BALTIMORE -- The Orioles, whose plane made an emergency landing in Jacksonville, Fla., en route to Tampa on Sunday night, also got good news, with the club learning it officially clinched a postseason berth with the Angels' 8-7 loss to Texas in the second game of a split doubleheader.
The postseason berth is the first for the Orioles since 1997, ending a 15-year drought for a city that has been starved for a winner. With modern technology ensuring the O's would be up to the minute on the team charter, manager Buck Showalter said his players' reaction was pretty professional.
"It's more of a look in someone's eyes, it's a firm handshake, a knowing look as much as anything," Showalter said en route to the team's hotel from the airport in St. Petersburg. "It's great, but we've got opportunities to do things that put us in a better position."
The Orioles and their fans anxiously awaited the end result of the first Angels-Rangers game on the JumboTron at Camden Yards Sunday afternoon, quietly retreating to the clubhouse when Anaheim pulled off a ninth inning comeback. The champagne stayed on ice, the plastic covering on the players' lockers lifted up, as the O's -- who secured a 6-3 series-sweeping win over Boston -- boarded the plane to Tampa with a magic number still at one.
Was it fitting for a group that has taken on Showalter's singular focus not to have a celebration filled with pomp and circumstance, but rather a moment just among themselves? Perhaps.
"This is our teams accomplishment, our players' accomplishment, and we are all very proud of them -- me, personally, for letting me come along in the ride," Showalter said. "Don't underestimate the emotions in this team ... anything you see from them is going to be sincere."
"Everyone knows where the finish line is and we're not there. You don't deal with these guys a ton without emotions involved, but they've always been in the right direction."
And the Orioles have been quite frank about what their end goal is: winning the division.
The Angels' loss also secured playoff spots for the Rangers and Yankees, who are tied with the Orioles atop the American League East. The O's trail Texas by a game for the league's best record and have three games remaining against the Rays to seal their fate. Should the Orioles and Yankees tie for the division, the deciding game would be played in Baltimore, since the O's hold a better AL East record. The two clubs tied for the season series, which is the first tiebreaker in establishing home field advantage.
"Hats off to Buck and the players," said executive vice president of baseball operations Dan Duquette.
"They know we have more work to do, and they are going to do everything they can, not only to have a playoff game in Baltimore for the fans, but to realize the goals and dream of the organization. I think people believe in the team, our fans believe in the team, and the think a lot of the investments the owners made in the team bear fruit. And I'm just happy we made the first step."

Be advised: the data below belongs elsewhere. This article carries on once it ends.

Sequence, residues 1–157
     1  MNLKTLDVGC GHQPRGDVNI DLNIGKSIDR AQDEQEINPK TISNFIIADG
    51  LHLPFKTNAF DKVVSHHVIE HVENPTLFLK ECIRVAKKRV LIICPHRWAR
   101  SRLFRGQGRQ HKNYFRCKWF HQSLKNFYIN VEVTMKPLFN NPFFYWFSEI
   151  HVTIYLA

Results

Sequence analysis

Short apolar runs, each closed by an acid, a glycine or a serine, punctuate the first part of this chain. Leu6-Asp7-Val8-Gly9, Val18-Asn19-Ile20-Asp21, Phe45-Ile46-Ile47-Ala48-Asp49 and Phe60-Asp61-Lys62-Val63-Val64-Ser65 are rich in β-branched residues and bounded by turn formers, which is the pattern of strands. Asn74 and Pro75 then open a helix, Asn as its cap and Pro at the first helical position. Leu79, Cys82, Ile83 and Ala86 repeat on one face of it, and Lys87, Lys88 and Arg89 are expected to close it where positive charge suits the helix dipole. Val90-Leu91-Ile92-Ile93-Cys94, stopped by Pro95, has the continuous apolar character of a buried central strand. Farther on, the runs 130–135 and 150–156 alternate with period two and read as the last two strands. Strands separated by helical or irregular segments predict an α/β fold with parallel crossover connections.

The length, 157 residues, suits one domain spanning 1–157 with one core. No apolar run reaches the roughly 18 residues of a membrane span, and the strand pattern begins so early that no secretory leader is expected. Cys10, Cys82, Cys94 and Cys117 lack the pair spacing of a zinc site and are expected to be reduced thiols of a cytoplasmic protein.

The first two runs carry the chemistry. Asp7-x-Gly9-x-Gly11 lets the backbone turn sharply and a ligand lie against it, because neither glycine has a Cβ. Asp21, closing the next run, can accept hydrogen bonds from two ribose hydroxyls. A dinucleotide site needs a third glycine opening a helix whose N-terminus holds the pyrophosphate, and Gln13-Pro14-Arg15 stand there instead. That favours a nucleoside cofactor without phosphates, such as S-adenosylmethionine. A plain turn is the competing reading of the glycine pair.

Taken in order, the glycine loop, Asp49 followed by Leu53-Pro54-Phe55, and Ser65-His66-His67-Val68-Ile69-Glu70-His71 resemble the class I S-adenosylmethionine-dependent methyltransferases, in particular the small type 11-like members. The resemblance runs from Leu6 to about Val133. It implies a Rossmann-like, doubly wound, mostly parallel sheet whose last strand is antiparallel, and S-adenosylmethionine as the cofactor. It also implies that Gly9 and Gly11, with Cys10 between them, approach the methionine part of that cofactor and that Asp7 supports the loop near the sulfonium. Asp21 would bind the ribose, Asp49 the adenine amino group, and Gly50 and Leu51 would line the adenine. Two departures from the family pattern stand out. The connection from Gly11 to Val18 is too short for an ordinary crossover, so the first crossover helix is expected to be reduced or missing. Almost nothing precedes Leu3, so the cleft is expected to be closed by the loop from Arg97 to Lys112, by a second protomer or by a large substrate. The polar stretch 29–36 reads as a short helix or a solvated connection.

How have the Orioles done it, this last-to-first season?
Baltimore -- which clinched its first winning season since '97 earlier this year -- has been a sum-of-the-parts group that has won without a superstar and has been able to overcome numerous injuries with Duquette and Showalter never hesitating to make whatever roster moves necessary.
Of the team's active 35 players -- discounting injured Wilson Betemit, Nick Markakis and Jason Hammel -- 18 have played in the Minors this season, with the club receiving unexpected contributions from everywhere.
Showalter, considered a frontrunner for AL Manager of the Year, challenged his club this spring to raise their expectations and they delivered. The team is 28-9 in one-run games and 73-0 when leading after seven innings, with closer Jim Johnson recording his 50th save of the season on Sunday.
"It's a step," Showalter said of securing a postseason spot. "It's comforting to know we are going to be involved in it ... it's a step, and it started a long time ago, to get a return for what these guys have put into it.
"There's some ways we'd like to figure out how to play some games at our park in front of our fans and, once again, it's in our court and we put ourselves in a position to compete for the divisional title, and that's where we'll set our sights for a while."
Of the O's injured, none of the aforementioned trio has been completely ruled out for the postseason, although Betemit (right wrist) is the longest shot. Hammel will throw a four- or five-inning simulated game at the team's fall instructional league in Sarasota, Fla., on Monday and the 30-year-old could possibly line up for a postseason game later in the week.
Hammel, has thrown two bullpen sessions with a brace on his right knee and has responded favorably. The team's best starter when healthy, Hammel is 8-6 with a 3.43 ERA in 20 starts despite dealing with nagging knee issues.
Markakis is slated to have the two pins in his left thumb removed when he sees the doctor during the Tampa series and while there is no specific timetable after that, Showalter said Markakis' recovery has the potential to "be on the fast track."
It's doubtful the right fielder could return for the first round of the playoffs, but Markakis could join the O's if they advance to the League Championship Series.
It's unknown how the team will set up its postseason rotation, with the Orioles -- who are without a true ace -- still aiming to win the division and avoid a one-game playoff situation as a Wild Card team.